29 Jun 2018

Reflections on CONUL Conference 2018 (Report number One)



Robert Alfis is a Library Assistant at Dublin Business School Library He was the winner of the CONUL Graduate Bursary to attend the 2018 CONUL Conference. These are his reflections on the conference.


I had the great privilege of receiving the graduate bursary to attend this year’s CONUL conference held on the 30th and 31st May in the Galway Bay Hotel, the theme of which was Transformative Experiences. This theme is particularly pertinent to the changes that the field of academic librarianship is undergoing especially surrounding new and evolving technologies, metrics for measuring library impact, and means of improving user experience. The many aspects of this theme were reflected in the variety of speakers, lightning talks and poster presentations. The full programme of events can be found online as well as the slides and video recordings of the presentations. With such a full and fantastic line-up, it is just not feasible to give a detailed account of every session I attended and so this report will provide an overview of some of the conference highlights.

The first of the keynote speakers, Jim Neal, served as the perfect start to the conference, wonderfully encapsulating all aspects of the theme, discussing a range of areas from the importance of preserving born digital content to the new and changing roles of the library such as the aggregated, publisher, consumer, educator and advocate.  He ended his talk by stating that libraries are perhaps undergoing a phyletic extinction; they are not disappearing but rather are evolving into something new.

There was a natural flow to the plenary presentations. Gobnait O’Riordan stated that even though many libraries are developing collaborative learning spaces, the demand for traditional study areas is huge. She ended her talk by saying that in designing libraries, you must align yourself with the goals of your institution. This segued into John Cox’s presentation, “Have Academic Libraries Transformed Their Position in the Institution?”, in which he discussed the misalignment of libraries’ strategic plans with those of their institution. He suggested that libraries are perhaps not doing enough to demonstrate their value, focusing more on service provision rather than on activities; as the second keynote speaker, Vivian Lewis, later said “We provide service but are not servile”.

The lightning talks, show-and-tell sessions, and parallel papers really highlighted the innovative nature of the speakers. Niamh Tumelty discussed embedding a librarian in a research project which provided more examples of new and changing roles. Danielle Cooper and Siobhán Dunne spoke on their evidence-based approach to a user centred library. Eliška Komárková really highlighted the need for specialised training for special collections librarians in Ireland.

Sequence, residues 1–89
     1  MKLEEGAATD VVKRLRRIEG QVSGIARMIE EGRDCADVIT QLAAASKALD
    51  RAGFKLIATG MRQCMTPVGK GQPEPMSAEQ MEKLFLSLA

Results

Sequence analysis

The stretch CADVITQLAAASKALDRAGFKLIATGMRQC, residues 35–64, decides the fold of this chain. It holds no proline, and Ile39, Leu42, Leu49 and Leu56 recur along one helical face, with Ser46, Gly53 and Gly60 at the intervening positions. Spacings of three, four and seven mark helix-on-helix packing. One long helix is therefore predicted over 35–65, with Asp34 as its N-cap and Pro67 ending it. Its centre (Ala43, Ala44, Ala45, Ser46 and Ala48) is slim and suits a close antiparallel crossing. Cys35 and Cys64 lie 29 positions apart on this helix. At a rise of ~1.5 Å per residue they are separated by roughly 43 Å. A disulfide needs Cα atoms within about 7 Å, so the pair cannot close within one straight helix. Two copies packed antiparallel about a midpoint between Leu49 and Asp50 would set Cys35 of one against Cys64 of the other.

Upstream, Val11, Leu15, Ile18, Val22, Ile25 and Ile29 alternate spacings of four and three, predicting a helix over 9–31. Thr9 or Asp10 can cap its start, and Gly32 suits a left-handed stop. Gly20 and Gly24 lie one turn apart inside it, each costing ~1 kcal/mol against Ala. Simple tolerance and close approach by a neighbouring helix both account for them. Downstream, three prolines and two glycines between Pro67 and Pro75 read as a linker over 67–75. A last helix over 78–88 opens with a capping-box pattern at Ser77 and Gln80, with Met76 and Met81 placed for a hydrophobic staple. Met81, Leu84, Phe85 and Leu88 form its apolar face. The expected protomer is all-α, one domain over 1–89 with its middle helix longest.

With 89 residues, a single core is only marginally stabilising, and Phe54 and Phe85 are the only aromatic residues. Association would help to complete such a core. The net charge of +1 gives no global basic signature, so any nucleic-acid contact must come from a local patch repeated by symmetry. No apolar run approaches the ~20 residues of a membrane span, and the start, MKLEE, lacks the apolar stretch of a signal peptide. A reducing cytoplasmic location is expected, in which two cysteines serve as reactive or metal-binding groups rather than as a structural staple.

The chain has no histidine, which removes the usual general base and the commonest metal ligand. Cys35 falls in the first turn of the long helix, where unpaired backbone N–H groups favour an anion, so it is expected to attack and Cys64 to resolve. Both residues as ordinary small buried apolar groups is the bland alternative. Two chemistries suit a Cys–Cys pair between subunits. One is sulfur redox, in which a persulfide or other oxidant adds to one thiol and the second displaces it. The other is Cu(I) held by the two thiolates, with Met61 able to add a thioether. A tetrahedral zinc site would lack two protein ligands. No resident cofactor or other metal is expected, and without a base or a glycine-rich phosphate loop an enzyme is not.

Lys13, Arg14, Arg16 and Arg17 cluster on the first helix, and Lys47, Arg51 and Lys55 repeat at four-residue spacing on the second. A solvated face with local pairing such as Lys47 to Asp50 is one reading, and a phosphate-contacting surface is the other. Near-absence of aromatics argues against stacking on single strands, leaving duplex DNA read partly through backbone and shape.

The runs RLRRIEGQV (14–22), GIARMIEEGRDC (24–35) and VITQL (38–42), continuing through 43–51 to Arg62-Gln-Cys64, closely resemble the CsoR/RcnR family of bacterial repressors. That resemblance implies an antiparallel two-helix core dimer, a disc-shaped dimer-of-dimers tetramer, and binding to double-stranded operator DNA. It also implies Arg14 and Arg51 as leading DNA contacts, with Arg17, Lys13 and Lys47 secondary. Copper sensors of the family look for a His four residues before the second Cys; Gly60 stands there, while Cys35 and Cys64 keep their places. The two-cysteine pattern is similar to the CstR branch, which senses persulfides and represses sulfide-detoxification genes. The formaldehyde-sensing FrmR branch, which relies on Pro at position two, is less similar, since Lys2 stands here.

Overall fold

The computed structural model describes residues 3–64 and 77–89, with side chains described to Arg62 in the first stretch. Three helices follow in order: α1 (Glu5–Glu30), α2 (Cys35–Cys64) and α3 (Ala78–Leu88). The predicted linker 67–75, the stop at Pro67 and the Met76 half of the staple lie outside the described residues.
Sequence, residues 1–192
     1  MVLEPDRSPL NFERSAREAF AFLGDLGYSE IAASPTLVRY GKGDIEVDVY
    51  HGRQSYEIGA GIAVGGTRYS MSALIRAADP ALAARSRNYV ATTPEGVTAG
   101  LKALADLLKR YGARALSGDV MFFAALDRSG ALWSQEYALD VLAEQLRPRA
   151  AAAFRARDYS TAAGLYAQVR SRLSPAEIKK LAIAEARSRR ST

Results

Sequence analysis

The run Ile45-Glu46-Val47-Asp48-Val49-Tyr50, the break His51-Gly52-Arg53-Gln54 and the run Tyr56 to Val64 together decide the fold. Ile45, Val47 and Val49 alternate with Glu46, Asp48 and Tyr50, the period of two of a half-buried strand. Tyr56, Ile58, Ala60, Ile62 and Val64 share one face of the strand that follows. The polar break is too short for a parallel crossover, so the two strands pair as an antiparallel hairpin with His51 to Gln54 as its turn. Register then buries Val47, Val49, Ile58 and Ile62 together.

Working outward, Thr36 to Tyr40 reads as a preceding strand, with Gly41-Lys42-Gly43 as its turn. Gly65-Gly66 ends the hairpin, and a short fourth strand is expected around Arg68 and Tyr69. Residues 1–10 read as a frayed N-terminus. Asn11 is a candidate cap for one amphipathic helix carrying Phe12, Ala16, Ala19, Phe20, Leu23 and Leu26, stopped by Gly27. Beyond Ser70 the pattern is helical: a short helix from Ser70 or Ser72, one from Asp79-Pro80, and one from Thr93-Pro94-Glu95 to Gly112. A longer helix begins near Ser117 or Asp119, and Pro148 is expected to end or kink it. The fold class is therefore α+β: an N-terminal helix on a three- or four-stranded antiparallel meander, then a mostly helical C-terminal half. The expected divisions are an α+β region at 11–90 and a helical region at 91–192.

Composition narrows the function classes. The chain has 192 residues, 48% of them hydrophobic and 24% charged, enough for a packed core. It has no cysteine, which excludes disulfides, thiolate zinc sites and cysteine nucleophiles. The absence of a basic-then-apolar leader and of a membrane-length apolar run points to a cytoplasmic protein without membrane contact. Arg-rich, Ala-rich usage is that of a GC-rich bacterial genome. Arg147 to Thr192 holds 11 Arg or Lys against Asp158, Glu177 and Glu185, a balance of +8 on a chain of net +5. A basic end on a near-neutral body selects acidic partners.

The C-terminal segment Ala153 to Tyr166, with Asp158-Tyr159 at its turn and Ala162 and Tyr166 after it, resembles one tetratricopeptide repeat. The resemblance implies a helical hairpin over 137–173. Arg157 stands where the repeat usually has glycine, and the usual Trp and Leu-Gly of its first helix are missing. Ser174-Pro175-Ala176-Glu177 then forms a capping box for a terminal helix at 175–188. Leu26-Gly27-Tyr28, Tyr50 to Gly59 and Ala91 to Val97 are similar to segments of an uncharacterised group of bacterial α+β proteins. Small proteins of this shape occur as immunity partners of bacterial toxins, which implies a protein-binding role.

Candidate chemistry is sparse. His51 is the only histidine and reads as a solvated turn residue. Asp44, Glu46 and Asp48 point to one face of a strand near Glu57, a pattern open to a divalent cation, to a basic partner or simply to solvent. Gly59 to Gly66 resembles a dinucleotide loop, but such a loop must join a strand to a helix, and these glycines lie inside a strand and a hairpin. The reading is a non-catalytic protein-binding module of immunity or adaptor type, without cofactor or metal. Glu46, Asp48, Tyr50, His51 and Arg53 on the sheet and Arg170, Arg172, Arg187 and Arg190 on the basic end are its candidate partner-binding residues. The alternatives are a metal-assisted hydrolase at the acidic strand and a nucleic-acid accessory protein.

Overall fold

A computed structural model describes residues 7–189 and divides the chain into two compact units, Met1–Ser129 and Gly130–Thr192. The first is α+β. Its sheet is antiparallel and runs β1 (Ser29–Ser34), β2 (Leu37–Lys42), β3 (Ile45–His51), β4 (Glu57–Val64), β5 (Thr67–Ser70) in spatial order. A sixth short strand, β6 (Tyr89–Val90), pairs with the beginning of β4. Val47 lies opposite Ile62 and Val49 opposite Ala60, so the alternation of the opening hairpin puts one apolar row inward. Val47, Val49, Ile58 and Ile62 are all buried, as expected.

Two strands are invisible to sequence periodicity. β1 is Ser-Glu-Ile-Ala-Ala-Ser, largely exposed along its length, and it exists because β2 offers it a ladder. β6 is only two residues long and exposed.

Vivian Lewis, gave a fantastic talk titled “Building on strength: preparing the academic library workforce to support transformation” in which she advocated for library leaders to develop their own staff over hiring new members,  to support staff when developing new skills and going into new roles, and to celebrate staff success. She spoke from her own experience in developing new roles for new times in her own institution. She finished her talk on an inspiring note, calling for the audience to be confident, courageous and audacious.

The panel discussion “Disruptive Changes: Transforming to Meet New Opportunities” served as the perfect end to the conference. The panelists looked to the future, discussing various and potential threats and opportunities facing the profession. Leo Appleton called for library staff to develop a deeper rather than a broader skillset. Lucy Byrne was a great addition to the panel as a non-librarian. She discussed the need for open research and open data and the role the library can play in providing necessary information skills. Jim Neal rather amusingly named 2018 the “period of polygamy” in which libraries are looking to every possible partner.

The conference highlighted how the CONUL libraries position Ireland as a centre for scholarly activity, as well as contributing to pivotal developments on an international level. Listening to the talks over the two days really illustrated the role the library plays in both scholarly output and brand.

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